Why Nutrition and Prevention Should be the Cornerstone of Any Healthcare System

All too often, many of us tend to ignore our health until something goes wrong. By the time we experience negative symptoms, or are diagnosed with a disease, however, it may be quite difficult to get our bodies back to a state of optimal wellness.

It is for this reason that choosing to focus on proper nutrition, exercise and lifestyle choices now gives us the best possible chance of avoiding disease, and many debilitating complications. When we feel healthy, we often don’t think twice about the foods we eat, the amount of exercise we get, or bad habits that we pursue.

Conventional health care providers are frequently of a similar mindset, telling patients not to worry if they feel fine, and giving only the minimal nutritional and lifestyle advice unless they are pressed.

However, many physicians have recently started to pay more attention to preventative measures, and even in some cases have joined forces with alternative nature-based practices. This may be due to the fact that many largely preventable conditions have become so rampant in this country.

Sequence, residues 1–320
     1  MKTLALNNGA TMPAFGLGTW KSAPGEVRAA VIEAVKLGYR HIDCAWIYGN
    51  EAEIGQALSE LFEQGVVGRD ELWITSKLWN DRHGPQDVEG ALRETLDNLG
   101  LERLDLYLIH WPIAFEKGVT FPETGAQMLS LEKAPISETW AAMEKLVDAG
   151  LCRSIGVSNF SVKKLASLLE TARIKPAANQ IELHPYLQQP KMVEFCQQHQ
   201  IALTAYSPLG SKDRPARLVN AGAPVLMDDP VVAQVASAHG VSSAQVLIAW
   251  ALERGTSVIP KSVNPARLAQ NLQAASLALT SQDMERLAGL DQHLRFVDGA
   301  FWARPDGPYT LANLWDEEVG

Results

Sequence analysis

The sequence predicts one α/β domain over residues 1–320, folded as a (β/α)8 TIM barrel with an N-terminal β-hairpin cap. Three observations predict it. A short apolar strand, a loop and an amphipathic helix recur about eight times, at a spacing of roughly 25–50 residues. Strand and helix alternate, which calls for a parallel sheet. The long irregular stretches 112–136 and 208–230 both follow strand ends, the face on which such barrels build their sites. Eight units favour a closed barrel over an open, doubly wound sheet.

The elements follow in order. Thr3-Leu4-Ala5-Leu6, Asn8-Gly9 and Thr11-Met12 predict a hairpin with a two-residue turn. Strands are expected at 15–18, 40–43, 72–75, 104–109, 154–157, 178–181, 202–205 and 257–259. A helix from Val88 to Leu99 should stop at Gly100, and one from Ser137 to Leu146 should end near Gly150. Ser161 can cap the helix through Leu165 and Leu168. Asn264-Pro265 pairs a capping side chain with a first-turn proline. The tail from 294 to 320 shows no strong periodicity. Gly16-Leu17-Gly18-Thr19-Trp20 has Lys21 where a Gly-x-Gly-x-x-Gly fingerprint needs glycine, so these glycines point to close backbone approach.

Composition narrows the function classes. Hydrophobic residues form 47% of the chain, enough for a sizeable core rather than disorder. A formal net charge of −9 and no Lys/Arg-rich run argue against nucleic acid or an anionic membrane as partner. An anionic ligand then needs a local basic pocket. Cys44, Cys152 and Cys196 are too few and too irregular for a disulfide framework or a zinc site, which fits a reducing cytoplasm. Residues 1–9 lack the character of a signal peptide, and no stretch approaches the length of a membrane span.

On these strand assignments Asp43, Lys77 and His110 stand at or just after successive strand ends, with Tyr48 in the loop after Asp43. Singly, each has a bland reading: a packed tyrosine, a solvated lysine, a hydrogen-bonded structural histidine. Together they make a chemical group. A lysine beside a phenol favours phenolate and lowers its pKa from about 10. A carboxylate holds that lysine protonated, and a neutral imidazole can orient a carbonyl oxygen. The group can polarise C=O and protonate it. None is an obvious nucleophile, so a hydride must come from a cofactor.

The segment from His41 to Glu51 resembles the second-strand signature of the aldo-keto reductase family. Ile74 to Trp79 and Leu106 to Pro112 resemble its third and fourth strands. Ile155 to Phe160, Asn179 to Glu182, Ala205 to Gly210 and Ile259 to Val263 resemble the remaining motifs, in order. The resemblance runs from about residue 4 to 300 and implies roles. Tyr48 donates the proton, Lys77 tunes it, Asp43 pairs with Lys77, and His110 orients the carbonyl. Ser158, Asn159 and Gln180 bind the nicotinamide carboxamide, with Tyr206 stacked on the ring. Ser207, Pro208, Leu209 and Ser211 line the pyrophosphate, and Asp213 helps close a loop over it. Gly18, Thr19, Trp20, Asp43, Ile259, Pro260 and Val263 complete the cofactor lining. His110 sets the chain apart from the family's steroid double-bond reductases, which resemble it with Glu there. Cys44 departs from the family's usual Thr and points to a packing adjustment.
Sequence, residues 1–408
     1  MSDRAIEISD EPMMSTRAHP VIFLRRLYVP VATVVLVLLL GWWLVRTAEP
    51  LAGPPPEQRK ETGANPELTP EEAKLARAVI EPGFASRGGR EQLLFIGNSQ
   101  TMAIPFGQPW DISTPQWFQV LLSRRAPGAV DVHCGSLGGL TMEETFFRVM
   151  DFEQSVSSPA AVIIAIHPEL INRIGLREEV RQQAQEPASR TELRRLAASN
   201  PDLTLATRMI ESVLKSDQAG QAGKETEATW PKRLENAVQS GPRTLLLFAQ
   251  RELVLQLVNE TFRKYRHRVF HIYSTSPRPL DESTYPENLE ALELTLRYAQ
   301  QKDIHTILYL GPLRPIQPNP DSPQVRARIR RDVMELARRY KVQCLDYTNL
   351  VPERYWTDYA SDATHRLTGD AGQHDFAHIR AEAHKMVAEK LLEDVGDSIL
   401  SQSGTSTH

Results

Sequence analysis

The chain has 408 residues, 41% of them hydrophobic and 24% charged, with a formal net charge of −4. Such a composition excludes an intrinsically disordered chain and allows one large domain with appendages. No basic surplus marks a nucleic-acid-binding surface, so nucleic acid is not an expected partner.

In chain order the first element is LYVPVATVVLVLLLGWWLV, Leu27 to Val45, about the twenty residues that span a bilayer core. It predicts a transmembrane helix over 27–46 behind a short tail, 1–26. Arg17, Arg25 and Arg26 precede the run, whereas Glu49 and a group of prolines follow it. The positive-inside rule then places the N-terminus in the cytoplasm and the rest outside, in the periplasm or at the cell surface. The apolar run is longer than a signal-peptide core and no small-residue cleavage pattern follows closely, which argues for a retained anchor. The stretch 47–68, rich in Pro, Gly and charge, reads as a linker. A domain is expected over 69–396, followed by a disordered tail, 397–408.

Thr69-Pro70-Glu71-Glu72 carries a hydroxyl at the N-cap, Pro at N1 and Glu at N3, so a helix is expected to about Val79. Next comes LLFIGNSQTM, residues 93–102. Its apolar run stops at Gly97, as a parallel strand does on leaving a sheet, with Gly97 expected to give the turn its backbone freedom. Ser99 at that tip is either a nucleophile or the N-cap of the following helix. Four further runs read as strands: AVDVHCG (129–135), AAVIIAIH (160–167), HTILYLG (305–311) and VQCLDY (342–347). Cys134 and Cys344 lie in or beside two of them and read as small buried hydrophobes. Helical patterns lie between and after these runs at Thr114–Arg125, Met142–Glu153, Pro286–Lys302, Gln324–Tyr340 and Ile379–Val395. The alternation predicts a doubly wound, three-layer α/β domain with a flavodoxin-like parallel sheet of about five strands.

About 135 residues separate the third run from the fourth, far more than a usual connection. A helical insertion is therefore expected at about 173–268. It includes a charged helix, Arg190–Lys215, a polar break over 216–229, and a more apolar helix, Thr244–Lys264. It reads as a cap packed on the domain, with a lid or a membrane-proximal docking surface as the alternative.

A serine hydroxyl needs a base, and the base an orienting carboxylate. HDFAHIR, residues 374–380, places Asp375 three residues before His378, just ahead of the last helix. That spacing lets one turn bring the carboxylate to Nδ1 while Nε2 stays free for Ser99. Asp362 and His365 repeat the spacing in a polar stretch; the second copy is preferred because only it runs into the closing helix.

In 2009, the Centers for Disease Control (CDC) released some scary statistics¬†on the prevalence of chronic diseases in the US. The CDC defined chronic diseases as, “non-communicable illnesses that are prolonged in duration, do not resolve spontaneously, and are rarely cured completely. Examples of chronic diseases include heart disease, cancer, stroke, diabetes, and arthritis.”

The CDC’s statistics state that seven in ten yearly deaths in the US are caused by chronic diseases, and that close to one in two adults live with at least one chronic disease. Heart disease and stroke combined cause over 30 percent of deaths in the US each year, and one in three adults (as well as nearly one in five young people ages 6 to 19) are currently obese.

Despite these frightening stats, only 24 percent of adults and 20 percent of high school students in the US eat the minimum recommended five daily servings of fruits and vegetables.

Additionally, over a third of US adults do not meet the minimum recommendations for aerobic physical activity set out by the 2008 Physical Activity Guidelines for Americans, and only a third of high school students have daily physical education classes.

saladThe CDC also states that over 75 percent of America’s health care costs result from chronic conditions. While the acceptance (albeit quite slow) of natural remedies and alternative health practices by Western medicine is encouraging, it is up to us to start our own nutrition and disease prevention strategies as soon as possible, whether or not our doctors actively recommend them.

No matter what health care system you subscribe to, great health starts from the choices you make at home.

-The Alternative Daily

Source:
http://www.cdc.gov/chronicdisease/resources/publications/aag/chronic.htm

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